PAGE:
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Riccardo Pietrabissa: set up Italy’s tech transfer network.Riccardo Pietrabissa got into tech transfer the old-fashioned way: he made a deal. The bioengineering professor and vice rector at the Politecnico di Milano, Italy, started that university’s patent office when the payment for funding his experimental biomechanical laboratory came due.

“My transition to the tech transfer office started in 1998 when I was an assistant professor. I asked the rector for a grant to establish the lab,” said Pietrabissa, who is 53. “In 2001 the rector called and said he was happy with the lab, and reminded me I was in debt to him. He wanted to establish a patent office in the university, so I had to do that.”

That was a dramatic departure from his research on biomechanics to simulate parts of the human body such as portions of the cardiovascular system or a hip joint. But he embraced the challenge.
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seedlings 4x3SeedStart, a joint effort among several venture firms to spur entrepreneurship, is launching a summer program aimed at technology startups based in New York City.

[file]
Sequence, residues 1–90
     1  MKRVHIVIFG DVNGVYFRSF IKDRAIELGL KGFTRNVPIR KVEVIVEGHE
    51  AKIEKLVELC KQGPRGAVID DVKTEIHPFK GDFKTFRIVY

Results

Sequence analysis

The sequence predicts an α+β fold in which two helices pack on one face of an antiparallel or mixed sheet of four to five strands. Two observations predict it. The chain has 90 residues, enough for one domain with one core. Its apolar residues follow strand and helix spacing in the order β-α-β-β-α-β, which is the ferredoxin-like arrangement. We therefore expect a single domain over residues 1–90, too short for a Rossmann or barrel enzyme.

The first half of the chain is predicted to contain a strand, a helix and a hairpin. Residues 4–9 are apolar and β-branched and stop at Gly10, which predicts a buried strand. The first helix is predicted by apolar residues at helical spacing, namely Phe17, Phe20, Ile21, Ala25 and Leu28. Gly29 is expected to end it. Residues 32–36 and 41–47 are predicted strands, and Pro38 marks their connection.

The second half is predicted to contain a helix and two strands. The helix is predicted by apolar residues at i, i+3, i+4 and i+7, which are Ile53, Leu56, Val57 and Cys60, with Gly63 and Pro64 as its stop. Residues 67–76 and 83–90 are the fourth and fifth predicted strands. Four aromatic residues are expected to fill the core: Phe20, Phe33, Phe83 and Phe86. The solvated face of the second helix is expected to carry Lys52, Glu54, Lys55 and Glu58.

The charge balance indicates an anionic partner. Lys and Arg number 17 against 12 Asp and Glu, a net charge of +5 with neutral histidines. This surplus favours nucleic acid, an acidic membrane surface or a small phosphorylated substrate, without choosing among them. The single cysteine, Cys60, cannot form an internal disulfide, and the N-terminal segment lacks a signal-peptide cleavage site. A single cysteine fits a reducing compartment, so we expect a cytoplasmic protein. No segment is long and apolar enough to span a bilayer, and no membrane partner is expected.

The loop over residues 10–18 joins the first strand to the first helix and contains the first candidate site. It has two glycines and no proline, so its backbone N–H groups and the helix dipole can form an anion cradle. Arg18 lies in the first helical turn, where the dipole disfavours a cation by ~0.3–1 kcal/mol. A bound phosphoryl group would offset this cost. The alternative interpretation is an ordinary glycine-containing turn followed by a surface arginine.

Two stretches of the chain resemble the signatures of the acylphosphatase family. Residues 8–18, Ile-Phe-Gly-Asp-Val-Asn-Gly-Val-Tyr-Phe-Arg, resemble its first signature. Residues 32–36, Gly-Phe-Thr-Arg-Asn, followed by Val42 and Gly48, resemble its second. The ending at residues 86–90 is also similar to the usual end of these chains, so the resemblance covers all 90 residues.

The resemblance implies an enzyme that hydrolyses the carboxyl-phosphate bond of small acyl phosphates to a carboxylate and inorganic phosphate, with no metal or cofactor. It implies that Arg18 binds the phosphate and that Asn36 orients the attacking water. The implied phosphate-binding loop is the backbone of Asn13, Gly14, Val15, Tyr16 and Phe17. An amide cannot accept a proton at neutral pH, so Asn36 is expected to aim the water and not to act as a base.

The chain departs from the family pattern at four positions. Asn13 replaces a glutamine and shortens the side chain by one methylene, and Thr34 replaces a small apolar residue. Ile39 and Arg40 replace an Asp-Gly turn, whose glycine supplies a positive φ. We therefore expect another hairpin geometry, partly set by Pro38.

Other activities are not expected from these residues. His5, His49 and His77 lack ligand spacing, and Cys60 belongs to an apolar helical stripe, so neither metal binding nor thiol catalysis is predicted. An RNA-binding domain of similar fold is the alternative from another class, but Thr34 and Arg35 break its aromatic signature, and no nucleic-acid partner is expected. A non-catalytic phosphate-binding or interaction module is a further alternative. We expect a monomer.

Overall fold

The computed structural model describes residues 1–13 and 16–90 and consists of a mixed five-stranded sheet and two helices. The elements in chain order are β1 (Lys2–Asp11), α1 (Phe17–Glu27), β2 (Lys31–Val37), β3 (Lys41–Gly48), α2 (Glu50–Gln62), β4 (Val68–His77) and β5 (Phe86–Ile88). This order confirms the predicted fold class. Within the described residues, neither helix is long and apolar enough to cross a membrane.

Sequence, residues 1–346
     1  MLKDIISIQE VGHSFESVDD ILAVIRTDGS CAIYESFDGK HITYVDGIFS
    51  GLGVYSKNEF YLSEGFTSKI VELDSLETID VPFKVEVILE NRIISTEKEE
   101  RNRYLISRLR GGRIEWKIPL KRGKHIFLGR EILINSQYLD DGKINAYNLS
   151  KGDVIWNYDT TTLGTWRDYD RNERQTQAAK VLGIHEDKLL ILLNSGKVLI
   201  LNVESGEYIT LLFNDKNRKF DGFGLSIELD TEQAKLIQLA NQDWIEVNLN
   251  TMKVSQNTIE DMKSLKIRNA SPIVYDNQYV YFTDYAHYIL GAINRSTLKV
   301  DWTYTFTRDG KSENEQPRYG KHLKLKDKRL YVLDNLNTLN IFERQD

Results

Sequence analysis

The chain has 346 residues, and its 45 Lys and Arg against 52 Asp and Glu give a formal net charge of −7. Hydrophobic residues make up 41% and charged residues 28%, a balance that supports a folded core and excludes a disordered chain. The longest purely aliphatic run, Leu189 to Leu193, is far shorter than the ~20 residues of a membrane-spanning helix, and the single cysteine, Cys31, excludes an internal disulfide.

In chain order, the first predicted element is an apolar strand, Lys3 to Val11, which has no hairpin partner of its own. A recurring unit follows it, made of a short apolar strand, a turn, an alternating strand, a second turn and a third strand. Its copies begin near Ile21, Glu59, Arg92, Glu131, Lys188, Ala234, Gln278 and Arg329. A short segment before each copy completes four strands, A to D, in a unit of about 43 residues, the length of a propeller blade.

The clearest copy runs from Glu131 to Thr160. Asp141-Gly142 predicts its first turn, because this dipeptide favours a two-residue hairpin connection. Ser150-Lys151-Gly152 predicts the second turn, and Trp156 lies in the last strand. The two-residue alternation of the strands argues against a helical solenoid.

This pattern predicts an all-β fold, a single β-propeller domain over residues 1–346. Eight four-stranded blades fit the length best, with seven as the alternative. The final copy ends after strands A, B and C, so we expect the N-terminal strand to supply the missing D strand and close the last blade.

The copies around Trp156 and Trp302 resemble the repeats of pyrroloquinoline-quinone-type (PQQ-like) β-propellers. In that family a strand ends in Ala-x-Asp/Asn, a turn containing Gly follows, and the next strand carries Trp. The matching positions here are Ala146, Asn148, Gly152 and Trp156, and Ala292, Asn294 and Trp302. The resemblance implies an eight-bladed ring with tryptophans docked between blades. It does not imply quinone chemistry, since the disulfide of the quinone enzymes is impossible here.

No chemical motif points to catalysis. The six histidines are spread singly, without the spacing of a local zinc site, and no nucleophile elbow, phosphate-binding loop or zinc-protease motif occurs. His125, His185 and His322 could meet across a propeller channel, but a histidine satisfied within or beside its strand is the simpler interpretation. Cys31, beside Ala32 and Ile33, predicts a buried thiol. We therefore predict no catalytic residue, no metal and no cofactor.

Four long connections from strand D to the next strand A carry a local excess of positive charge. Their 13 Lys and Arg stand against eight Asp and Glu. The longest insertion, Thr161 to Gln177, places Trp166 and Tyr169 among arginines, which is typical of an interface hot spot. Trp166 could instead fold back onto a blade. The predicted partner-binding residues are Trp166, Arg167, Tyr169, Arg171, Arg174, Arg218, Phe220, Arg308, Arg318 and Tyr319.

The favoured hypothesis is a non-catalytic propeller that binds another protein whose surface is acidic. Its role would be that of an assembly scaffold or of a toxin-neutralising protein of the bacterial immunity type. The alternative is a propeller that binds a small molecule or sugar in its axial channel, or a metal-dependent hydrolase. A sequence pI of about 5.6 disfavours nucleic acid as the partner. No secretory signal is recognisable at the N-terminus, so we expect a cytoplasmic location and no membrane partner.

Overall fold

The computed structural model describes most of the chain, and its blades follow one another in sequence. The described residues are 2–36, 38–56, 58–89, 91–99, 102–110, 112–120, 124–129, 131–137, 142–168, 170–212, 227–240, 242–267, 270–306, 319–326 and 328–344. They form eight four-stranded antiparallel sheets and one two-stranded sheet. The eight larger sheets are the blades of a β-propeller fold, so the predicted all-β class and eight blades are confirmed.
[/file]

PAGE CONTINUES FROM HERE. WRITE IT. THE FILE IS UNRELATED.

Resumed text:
The early-stage tech startups that are selected to be a part of the eight-week program will each receive a $20,000 investment, as well as mentorship from experienced NYC-based VCs entrepreneurs, administrative and technical help, free office space, and expert guidance in the legal and business aspects of launching a company and a product.
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Idaho Business ReviewIdaho Gov. C.L. “Butch” Otter gathered on Jan. 21 with business leaders from around the state to launch the Idaho Technology Council – a private sector group focused on growing the state’s high-tech economy.

“Idaho’s growth as a technology center has cooled, and the Idaho economy cannot afford that,” stated ITC Chairman Rich Raimondi, a recently retired vice president at Hewlett-Packard. “We know the priorities to re-energize growth in this critical sector are human capital, public policy, financial capital and research and development, and we have formed committees with leaders from across the state to work those issues.”
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Remember how, a couple summers ago, NYU absorbed Polytechnic University in Brooklyn and popped out with a new combined beast, Polytechnic Institute of New York University? Now, NYU-Poly’s President Jerry M. Hultin announced a $50 million (and more in the future) plan to renovate campus, somewhat mysteriously and nerdily titled “i2e Campus Transformation.”